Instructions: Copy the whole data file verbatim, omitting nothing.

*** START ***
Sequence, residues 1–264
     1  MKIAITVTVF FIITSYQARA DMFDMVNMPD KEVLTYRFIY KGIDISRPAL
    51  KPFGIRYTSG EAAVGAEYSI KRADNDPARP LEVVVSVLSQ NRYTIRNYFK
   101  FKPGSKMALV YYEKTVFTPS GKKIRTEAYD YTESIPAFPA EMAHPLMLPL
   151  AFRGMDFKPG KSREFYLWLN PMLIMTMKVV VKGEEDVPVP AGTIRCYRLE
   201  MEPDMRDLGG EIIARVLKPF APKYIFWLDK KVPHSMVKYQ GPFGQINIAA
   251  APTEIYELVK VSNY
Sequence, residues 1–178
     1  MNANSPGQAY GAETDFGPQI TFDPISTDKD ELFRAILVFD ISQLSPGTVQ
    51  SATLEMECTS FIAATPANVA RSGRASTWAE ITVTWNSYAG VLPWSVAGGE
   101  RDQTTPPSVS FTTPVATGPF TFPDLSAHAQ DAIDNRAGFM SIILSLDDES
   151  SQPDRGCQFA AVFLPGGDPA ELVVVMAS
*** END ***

Sequence, residues 1–264
     1  MKIAITVTVF FIITSYQARA DMFDMVNMPD KEVLTYRFIY KGIDISRPAL
    51  KPFGIRYTSG EAAVGAEYSI KRADNDPARP LEVVVSVLSQ NRYTIRNYFK
   101  FKPGSKMALV YYEKTVFTPS GKKIRTEAYD YTESIPAFPA EMAHPLMLPL
   151  AFRGMDFKPG KSREFYLWLN PMLIMTMKVV VKGEEDVPVP AGTIRCYRLE
   201  MEPDMRDLGG EIIARVLKPF APKYIFWLDK KVPHSMVKYQ GPFGQINIAA
   251  APTEIYELVK VSNY
Sequence, residues 1–178
     1  MNANSPGQAY GAETDFGPQI TFDPISTDKD ELFRAILVFD ISQLSPGTVQ
    51  SATLEMECTS FIAATPANVA RSGRASTWAE ITVTWNSYAG VLPWSVAGGE
   101  RDQTTPPSVS FTTPVATGPF TFPDLSAHAQ DAIDNRAGFM SIILSLDDES
   151  SQPDRGCQFA AVFLPGGDPA ELVVVMAS